A lot of statistics get thrown at Jaden McDaniels.
The Federal Way High School senior is a five-star basketball recruit, with prestigious Division I offers he has narrowed down to five favorites — San Diego State, where his older brother Jalen plays, Kentucky, Texas, UCLA and Washington.
McDaniels is the consensus No. 5 player in the nation in the 2019 class, and the top-ranked player in Washington, who averaged 23.3 points, 10 rebounds, 4 assists and 2 blocks per game in pacing Federal Way to a third-place finish in the Class 4A state tournament this season.
Later this month, he will become just the 14th boys basketball player in state history to wear a McDonald’s All-American jersey when he plays in the annual all-star game.
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For all of these reasons, and several more that numbers can not be attached to, McDaniels is The News Tribune’s 2019 All-Area boys basketball player of the year.
“He’s successful at this sport because he understands the game. He has a high IQ,” Federal Way coach Yattah Reed said. “That’s half the battle there. But, the other part is he has a work ethic.
“He’s a gym rat. It’s just all of the work that he puts in, and all of the stuff he does behind the scenes. ... I’m just happy it finally came to the surface so that everybody was able to see.”
What can’t be measured by a statistic, and what many don’t get to see, is how McDaniels grew to love the sport that has brought him all of this national attention.
“I’ve been around it my whole life,” he said. “My brother, my cousins, everybody in my family played basketball. So, I feel like just growing up, being around it, that’s where it came from.”
McDaniels said his earliest memories of basketball are playing in a recreational league at the Boys and Girls club in Federal Way when he was about 5 years old.
He played alongside some players he knows now, games were simple, and played about once a week.
The highlight-reel dunks the 6-foot-11 guard-forward combination produces now, he first started to learn as an eighth-grader, and didn’t show off until his freshman season.
“I would always try it, and one day I just did it,” McDaniels said. “It’s just really fun being creative, just how high you get, and the things you can do like going between your legs, behind the back, 360 (degrees) — it’s a lot of fun.”
Federal Way won an undefeated 4A state championship when he was a freshman, and Jalen — who is projected to be drafted following his redshirt sophomore season at San Diege State — was a senior.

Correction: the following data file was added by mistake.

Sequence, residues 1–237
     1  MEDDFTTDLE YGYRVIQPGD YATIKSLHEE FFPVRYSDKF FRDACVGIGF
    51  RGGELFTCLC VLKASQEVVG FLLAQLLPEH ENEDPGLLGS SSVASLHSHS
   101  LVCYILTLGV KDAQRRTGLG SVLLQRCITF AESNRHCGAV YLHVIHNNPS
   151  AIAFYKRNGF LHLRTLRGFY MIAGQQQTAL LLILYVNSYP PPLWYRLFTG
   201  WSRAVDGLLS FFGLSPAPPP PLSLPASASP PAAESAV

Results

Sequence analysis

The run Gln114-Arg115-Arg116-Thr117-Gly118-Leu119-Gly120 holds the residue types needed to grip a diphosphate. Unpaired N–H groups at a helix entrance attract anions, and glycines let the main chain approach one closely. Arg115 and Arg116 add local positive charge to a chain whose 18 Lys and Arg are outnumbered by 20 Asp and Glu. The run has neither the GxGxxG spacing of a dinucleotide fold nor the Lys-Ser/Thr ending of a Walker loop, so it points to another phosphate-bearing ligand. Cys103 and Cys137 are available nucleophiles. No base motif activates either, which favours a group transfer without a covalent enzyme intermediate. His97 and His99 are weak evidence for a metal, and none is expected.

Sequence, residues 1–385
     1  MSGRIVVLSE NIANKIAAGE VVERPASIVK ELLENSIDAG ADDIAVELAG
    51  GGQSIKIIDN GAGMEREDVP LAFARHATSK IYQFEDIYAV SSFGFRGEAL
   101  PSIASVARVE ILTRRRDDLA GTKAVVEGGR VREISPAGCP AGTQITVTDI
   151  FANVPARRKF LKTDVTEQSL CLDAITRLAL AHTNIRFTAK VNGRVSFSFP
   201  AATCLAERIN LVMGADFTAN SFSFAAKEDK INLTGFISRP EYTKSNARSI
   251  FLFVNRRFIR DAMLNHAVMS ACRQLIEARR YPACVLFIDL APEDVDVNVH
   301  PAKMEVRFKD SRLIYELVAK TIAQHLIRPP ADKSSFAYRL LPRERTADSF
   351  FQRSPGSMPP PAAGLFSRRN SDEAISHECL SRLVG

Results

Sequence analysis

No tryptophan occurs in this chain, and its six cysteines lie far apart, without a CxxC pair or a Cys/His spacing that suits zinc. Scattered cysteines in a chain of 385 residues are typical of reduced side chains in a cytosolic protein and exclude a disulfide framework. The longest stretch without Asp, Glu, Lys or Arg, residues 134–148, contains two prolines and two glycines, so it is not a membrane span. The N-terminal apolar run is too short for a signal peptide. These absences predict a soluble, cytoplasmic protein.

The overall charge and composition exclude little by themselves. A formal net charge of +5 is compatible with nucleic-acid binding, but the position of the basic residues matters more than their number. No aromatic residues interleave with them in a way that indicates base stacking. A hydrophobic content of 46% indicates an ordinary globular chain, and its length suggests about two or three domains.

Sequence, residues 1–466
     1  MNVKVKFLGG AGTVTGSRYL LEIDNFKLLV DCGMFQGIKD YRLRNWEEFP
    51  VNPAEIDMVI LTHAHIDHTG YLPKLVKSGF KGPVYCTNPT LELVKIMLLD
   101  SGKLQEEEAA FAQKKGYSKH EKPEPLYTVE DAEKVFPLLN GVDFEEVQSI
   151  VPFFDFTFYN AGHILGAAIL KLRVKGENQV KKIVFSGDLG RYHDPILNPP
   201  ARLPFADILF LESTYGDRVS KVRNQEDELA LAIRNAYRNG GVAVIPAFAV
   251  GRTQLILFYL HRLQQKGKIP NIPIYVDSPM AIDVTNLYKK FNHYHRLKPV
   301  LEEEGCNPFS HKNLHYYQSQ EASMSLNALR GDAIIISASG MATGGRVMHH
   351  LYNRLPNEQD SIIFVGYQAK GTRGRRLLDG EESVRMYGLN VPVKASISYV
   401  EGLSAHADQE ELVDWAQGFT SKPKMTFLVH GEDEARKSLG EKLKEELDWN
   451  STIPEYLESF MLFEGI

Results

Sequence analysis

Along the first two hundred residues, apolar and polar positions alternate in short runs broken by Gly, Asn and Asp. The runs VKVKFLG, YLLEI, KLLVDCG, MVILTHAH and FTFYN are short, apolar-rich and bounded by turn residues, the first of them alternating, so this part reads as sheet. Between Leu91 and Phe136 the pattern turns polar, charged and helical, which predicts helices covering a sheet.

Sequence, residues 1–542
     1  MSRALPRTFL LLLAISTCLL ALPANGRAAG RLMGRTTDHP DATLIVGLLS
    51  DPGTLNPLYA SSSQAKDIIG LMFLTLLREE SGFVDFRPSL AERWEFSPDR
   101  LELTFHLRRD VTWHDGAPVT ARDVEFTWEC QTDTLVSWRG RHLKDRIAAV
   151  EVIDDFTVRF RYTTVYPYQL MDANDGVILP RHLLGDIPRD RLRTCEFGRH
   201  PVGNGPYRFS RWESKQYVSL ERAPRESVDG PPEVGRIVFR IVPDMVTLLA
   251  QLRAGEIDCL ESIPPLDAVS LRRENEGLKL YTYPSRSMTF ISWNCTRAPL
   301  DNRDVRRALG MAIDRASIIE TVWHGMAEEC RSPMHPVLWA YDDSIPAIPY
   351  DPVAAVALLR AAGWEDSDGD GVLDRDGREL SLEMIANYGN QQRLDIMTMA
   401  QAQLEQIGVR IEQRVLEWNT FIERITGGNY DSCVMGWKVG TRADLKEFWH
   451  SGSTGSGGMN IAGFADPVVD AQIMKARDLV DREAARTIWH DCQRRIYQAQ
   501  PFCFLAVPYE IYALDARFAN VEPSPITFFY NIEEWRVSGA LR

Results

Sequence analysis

“It was fun playing with him and competing with him in practice,” McDaniels said of his brother. “I feel like it helped me a lot.”
His sophomore season was when his recruitment picked up, offers started pouring in, and he vaulted to the nationally recognized player he is now.
“My sophomore year I started playing on the AAU circuit, and I started getting more exposure,” McDaniels said. “Coming into my junior year, I guess you could say I had a pretty good season, and when we went to the state tournament, that’s really where everything started for me.
“I was just playing harder, and making sure all of my mechanics were good.”
McDaniels won back-to-back 4A NPSL Olympic MVP awards as a junior and senior, while also becoming a two-time All-Area pick by TNT, and a two-time all-state pick by TNT and the Associated Press.
He won four 4A NPSL titles in his career, two 4A West Central/Southwest bidistrict titles, and appeared in the 4A state tournament all four seasons of his high school career — each time leaving with a trophy.
This season, he also broke Federal Way’s single-game scoring record with a career-high 51 points in a win over Todd Beamer, and finished his four-year career with 107 wins in a Federal Way jersey.
“There’s that saying that hard work beats talent, when talent fails to work hard,” said Federal Way junior Tari Eason, another TNT All-Area pick who complemented McDaniels on the floor this season.
“He has a lot of talent, that he could easily be complacent, but he still continues to work every day.”
Most see the undeniable talent and the work ethic McDaniels shows when he’s on the court, but it’s his coaches and teammates who truly get to see him enjoy the game.
“He’s a happy guy,” Eason said. “He might be shy around people he doesn’t know, but people he does know he’s one of the funniest guys. He’s real cool, he’s just happy.”
Eason recalled a five-on-five scrimmage earlier this season, when he was playing opposite McDaniels, and said McDaniels was having the most fun of anyone on the floor.
“There was an open gym where he just couldn’t miss,” Eason said. “He was having a lot of fun. It might not have been fun for us, because we were losing, and there was nothing we could do to stop him, but he was smiling.
“It seemed almost impossible (to stop him). I had a hand in his face. He would be off of one toe and he’d still make it. It was unbelievable.”
Reed said any frustration outsiders see when watching McDaniels play comes from the senior being his own biggest critic. McDaniels is a perfectionist, he says, and wants to succeed individually just as an avenue for his team to win games.
“When things aren’t going the way he wants them to go, it’s not in the regards of individual stats, he just wants to win that bad,” Reed said. “He loves the game. When he’s out there with his team is when he’s at his happiest.”
McDaniels hasn’t set a date for when he’ll make his college choice, but said he’s excited to take the next step, and face new challenges and obstacles.
Beyond that, he dreams about one day playing at the highest level in the NBA — perhaps with another player wearing the name McDaniels on his back.
“I think about it all the time,” he said. “Me and my brother, even playing in high school was fun. So being able to play with each other, hopefully in the NBA, that would be the greatest thing ever.”